Kristen Parrotte and Lucy Burke were awarded in the Year 7 to 8 picture book category at a ceremony last week to open Book Week.
The competition asked pre-primary to Year 8 students to write, illustrate and bind their own fictional story or picture book.
Kristen�s story Harry and his Hidden Gift was inspired by her brother Jake, who has autism.
�I�ve seen him struggle with the daily things that most people find easy but I�ve also seen his many strengths,� she said.
�Because people with autism don�t have obvious physical disabilities, they are often misunderstood.�
�I chatted to mum about autism and then pulled it together in a story.
�I am really proud that this story has been read by lots of people through the judging process as I really wanted the message to get out.�
Judges said Kristen�s �easy to read facial expressions� drew the reader into Harry�s world and supported the engaging storyline.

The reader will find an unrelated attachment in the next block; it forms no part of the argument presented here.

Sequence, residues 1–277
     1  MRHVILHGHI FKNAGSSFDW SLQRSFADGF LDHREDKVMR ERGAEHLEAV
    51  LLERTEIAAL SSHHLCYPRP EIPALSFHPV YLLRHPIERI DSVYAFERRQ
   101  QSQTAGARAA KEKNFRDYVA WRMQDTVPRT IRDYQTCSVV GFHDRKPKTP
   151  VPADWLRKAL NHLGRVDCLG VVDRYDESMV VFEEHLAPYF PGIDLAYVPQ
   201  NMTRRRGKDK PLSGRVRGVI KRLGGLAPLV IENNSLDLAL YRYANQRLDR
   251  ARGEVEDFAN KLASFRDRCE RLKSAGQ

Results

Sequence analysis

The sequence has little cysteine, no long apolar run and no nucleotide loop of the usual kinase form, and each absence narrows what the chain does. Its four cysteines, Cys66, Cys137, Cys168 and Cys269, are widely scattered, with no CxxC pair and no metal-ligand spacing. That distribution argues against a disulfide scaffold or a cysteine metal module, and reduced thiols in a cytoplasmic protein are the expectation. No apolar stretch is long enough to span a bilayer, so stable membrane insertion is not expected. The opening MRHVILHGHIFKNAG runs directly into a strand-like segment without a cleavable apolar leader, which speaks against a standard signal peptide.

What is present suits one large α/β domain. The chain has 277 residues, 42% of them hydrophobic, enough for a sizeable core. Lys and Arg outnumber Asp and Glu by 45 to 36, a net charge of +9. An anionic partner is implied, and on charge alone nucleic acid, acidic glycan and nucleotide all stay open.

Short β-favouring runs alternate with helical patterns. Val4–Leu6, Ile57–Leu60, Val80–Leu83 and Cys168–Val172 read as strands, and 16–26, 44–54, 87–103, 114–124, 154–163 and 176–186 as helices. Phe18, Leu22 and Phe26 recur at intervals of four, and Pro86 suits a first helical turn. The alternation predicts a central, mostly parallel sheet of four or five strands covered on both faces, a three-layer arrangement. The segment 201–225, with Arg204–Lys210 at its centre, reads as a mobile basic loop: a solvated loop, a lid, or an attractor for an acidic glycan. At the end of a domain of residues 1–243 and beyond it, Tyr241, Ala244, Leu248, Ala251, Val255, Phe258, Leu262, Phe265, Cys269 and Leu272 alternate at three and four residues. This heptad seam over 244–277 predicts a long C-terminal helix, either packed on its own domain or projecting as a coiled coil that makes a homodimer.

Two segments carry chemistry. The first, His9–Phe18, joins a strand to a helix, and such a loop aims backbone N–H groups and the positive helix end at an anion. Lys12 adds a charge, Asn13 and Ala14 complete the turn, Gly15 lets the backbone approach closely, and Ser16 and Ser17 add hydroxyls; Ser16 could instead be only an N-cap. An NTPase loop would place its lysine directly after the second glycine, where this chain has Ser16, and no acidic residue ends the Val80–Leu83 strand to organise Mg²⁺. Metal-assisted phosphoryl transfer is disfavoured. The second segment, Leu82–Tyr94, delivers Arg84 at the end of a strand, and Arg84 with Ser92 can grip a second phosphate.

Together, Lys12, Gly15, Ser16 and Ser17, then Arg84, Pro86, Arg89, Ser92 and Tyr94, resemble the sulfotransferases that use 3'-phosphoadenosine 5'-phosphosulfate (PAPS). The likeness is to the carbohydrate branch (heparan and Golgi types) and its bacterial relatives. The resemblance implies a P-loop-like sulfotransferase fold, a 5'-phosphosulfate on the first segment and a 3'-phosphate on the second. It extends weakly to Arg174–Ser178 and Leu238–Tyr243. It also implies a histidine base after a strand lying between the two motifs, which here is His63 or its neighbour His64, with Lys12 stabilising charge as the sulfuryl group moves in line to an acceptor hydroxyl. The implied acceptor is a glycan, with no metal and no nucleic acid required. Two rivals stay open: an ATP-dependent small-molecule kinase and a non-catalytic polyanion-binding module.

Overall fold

�Humour and empathy are employed to show, rather than tell, the reader about Harry�s gift,� they said.
Lucy�s book Alone looked at the differences between first and third world problems.
She has been reading Morris Gleitzman�s Boy Overboard as part of her English studies and said it made her think �the problems we have in our lives are not that big�.
�We might complain about doing some activity that our parents want us to do, when in other countries children would love to have our opportunities,� she said.
�I realised the power an author has in getting a story across and how images really do back up words to create a better meaning.�
Judges said Lucy demonstrated excellent use of dual narrative structure.
�The sustained narratives are cleverly intertwined and carried through to a conclusion that, while satisfying for one character, is challenging to the other,� the said.